April 6, 2008
The way the Métro started its life strongly influenced signage in the stations. In the early days, a number of commercial companies ran the different Métro lines. This is one of the reasons why the inscriptions varied enormously, from enamel signage to big ceramic station nameplates. Sans serifs were mostly used for big signage, and on the carriages, letters were painted in a style appropriate to the carriage design. Early on, it was Art Nouveau forms. At the time, most of the transportation procedure was done manually by rail workers, from the sale of individual tickets, to the semi-automatic door closing. Later, the national rail network, the RATP, took over.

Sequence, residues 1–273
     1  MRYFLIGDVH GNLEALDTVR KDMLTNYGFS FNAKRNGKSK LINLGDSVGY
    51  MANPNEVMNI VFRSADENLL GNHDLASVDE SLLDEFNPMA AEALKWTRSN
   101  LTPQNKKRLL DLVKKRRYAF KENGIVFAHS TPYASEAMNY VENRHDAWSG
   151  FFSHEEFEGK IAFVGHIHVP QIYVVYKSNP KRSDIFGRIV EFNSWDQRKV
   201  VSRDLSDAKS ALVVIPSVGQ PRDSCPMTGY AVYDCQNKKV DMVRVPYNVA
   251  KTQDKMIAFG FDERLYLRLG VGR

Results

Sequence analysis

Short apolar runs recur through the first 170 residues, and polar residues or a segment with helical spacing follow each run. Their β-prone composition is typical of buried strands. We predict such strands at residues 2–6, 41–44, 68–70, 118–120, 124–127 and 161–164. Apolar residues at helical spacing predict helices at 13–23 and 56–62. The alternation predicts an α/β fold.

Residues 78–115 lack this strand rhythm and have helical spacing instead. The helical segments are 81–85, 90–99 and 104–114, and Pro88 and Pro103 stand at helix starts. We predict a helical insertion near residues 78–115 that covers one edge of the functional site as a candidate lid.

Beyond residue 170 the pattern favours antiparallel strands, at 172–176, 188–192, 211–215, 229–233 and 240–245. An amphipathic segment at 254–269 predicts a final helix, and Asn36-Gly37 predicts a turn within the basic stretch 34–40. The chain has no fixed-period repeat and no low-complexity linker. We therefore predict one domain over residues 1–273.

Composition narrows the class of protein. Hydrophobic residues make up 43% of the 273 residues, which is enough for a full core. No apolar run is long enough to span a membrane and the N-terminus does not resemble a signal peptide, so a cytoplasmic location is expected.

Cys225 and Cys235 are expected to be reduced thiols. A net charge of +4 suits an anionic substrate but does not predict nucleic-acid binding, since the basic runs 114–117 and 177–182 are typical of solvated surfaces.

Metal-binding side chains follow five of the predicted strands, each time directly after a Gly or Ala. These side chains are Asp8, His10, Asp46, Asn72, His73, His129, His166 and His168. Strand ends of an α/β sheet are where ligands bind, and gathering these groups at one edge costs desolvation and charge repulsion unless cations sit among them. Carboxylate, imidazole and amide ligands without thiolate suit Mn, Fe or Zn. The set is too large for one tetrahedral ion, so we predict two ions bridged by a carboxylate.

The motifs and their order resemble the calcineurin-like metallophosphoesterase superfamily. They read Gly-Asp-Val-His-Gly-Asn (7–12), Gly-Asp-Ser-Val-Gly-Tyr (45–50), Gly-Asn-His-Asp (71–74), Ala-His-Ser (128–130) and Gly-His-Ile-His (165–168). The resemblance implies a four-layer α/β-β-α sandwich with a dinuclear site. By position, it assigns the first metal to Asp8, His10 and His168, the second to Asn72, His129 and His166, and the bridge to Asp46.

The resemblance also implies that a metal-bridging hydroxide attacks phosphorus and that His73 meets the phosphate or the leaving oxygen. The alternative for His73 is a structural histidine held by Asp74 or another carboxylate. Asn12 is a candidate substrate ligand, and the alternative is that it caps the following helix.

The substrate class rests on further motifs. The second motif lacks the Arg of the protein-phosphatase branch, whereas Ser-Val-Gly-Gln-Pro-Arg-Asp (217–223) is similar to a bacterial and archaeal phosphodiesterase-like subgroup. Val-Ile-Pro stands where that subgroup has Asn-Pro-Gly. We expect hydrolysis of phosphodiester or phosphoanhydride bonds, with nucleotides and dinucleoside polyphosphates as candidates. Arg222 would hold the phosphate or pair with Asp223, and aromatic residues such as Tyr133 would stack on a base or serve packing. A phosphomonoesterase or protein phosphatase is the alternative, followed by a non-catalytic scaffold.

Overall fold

From Métro Type, a history of type and signage in the Paris Metro system.